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How to connect and use a Character LCD using only 2 pins


Using a character LCD with an Arduino is nothing new, but let’s make it very simple by using the I2C bus.

By using this little I2C LCD board, we can control the LCD using only 2 wires, and not worry about resistors to adjust the contrast since it’s all included.

To make this tutorial more interesting, we will use the HC-SR04 ultrasonic range finder that we used before and display the results on the LCD.



HC-SR04 Ultrasonic sensor

Arduino UNO

20x4 LCD with LCD Backpack

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We are using a 20×4 Character LCD so we have 4 lines of 20 characters each available.

The I2C LCD module is connected to pin A4-SDA and A5-SCL.

The HC-SR04 is connected to pin 11-echo and 12-trigger.

VCC and Ground from the Arduino are connected to the breadboard rails .

We then connect the VCC and Ground to both the I2C module and the HC-SR04.



Before we can use the I2C module, we need to find out it’s HEX address so we can communicate with it.

We find the I2C module address by running this “I2C Scanner” sketch on our Arduino.

*note:  Watch the tutorial video to see the code in action and the results. 

#include "Wire.h"

void setup()

Serial.println("\nI2C Scanner");

void loop()
byte error, address;
int nDevices;


nDevices = 0;
for(address = 1; address < 127; address++ )
// The i2c_scanner uses the return value of
// the Write.endTransmisstion to see if
// a device did acknowledge to the address.
error = Wire.endTransmission();

if (error == 0)
Serial.print("I2C device found at address 0x");
if (address<16)
Serial.println(" !");

else if (error==4)
Serial.print("Unknow error at address 0x");
if (address<16)
if (nDevices == 0)
Serial.println("No I2C devices found\n");

delay(5000); // wait 5 seconds for next scan

As you can see in the tutorial video, the address for our I2C module is 0X27, so we will use that value in our Sketch to communicate with it.

We will use the “NewPing” library to communicate with the HC-SR04 ultrasonic range sensor.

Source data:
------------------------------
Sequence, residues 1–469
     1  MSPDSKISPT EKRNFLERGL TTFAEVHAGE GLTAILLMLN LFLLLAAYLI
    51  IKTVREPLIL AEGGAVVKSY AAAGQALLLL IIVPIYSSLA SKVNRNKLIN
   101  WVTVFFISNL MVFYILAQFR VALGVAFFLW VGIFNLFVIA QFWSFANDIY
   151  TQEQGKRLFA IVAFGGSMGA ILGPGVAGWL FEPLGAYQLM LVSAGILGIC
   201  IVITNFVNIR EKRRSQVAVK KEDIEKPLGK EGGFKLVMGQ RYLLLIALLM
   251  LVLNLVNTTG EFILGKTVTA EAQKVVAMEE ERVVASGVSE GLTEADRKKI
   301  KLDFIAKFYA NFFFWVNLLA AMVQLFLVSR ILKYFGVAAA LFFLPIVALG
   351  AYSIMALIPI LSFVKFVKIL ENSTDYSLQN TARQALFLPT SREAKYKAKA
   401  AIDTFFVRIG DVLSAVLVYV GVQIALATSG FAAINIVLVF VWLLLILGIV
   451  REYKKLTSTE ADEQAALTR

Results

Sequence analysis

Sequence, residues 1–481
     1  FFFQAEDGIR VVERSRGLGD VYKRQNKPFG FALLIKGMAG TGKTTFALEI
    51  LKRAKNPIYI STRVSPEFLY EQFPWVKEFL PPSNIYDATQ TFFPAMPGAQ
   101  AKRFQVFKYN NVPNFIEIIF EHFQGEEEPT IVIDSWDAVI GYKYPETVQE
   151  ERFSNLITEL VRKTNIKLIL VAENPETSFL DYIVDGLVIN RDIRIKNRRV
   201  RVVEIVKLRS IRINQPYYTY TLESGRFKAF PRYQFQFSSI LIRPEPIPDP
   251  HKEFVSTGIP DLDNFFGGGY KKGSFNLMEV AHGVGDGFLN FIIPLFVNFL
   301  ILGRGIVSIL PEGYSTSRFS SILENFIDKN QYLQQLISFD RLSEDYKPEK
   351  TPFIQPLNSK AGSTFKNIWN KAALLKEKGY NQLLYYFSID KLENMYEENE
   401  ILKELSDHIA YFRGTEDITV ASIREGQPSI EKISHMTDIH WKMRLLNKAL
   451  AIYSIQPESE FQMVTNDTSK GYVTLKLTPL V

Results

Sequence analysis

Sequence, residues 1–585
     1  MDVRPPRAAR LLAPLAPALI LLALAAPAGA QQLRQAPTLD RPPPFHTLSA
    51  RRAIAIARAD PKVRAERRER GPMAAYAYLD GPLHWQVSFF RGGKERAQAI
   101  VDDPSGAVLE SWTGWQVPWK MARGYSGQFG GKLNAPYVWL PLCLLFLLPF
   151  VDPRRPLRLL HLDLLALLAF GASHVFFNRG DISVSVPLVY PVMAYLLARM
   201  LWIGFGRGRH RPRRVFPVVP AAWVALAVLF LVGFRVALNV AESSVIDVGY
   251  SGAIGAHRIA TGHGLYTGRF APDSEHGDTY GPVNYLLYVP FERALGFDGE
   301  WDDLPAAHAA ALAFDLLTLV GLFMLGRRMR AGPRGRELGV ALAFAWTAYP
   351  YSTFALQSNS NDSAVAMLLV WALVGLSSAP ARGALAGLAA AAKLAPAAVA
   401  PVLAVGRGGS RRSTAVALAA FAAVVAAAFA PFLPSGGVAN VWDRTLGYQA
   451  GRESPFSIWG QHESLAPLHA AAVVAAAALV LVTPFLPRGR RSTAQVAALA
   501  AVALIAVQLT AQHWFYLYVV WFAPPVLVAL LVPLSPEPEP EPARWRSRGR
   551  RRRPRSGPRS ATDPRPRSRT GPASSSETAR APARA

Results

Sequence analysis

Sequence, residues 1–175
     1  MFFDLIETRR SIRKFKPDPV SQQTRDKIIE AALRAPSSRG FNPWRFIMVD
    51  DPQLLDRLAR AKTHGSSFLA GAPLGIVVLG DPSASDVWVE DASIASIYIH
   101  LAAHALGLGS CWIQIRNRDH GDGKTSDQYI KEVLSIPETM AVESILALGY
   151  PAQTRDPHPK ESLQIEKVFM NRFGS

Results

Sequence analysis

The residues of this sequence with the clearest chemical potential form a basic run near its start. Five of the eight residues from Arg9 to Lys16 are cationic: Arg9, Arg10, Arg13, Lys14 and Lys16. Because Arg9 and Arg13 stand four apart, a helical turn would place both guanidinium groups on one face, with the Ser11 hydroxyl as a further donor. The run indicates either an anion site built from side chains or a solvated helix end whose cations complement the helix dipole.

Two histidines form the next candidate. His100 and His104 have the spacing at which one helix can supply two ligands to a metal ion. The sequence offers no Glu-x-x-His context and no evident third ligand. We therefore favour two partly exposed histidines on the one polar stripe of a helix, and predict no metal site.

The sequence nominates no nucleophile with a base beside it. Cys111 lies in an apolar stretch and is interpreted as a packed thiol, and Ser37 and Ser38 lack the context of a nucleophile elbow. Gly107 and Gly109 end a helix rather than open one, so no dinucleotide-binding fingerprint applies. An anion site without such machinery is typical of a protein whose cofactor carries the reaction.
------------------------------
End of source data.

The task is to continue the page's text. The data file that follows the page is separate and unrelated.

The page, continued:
We are also using the “NewLiquidCrystal” library in our Sketch, this library unlike the one included with the Arduino IDE is more recent, faster and can use the I2C bus, so might as well use it.

You can download the libraries at the bottom of this tutorial page.

*Rename the original LiquidCrystal folder in the Arduino/Libraries to something like LiquidCrystal_Old before extracting the NewLiquidCrystal library, since the folders have the same name, and the original library will conflict with this new one.

As always, please watch the tutorial video for more information.

#include "Wire.h"
#include "LCD.h"
#include "LiquidCrystal_I2C.h"
#include "NewPing.h"

#define I2C_ADDR 0x27  // Add your address here.
#define Rs_pin 0
#define Rw_pin 1
#define En_pin 2
#define D4_pin 4
#define D5_pin 5
#define D6_pin 6
#define D7_pin 7

#define ECHO_PIN 11 // Arduino pin tied to echo pin on the ultrasonic sensor.
#define TRIGGER_PIN 12 // Arduino pin tied to trigger pin on the ultrasonic sensor.
#define MAX_DISTANCE 500 // Maximum distance we want to ping for (in centimeters). Maximum sensor distance is rated at 400-500cm.

NewPing sonar(TRIGGER_PIN, ECHO_PIN, MAX_DISTANCE); // NewPing setup of pins and maximum distance.

LiquidCrystal_I2C lcd(I2C_ADDR,En_pin,Rw_pin,Rs_pin,D4_pin,D5_pin,D6_pin,D7_pin);

void setup()
 lcd.begin (20,4); //  our LCD is a 20x4, change for your LCD if needed

// LCD Backlight ON

lcd.home (); // go home on LCD
lcd.print("Range Finder HC-SR04"); 

void loop()
 unsigned int uS =; // Send ping, get ping time in microseconds (uS).
 unsigned int cm = sonar.convert_cm(uS); // Convert into centimeters
 lcd.setCursor (0,1); // go to start of 2nd line
 lcd.print("Current Distance:");
 lcd.setCursor (0,3); // go to start of 4th line
 lcd.print("Ping: ");
 lcd.print(" cm ");






Copy and paste the above code(s) in the Arduino IDE to program your Arduino.

Used Libraries:

Download the NewLiquidCrystal library here:

Download the HC-SR04 library here:

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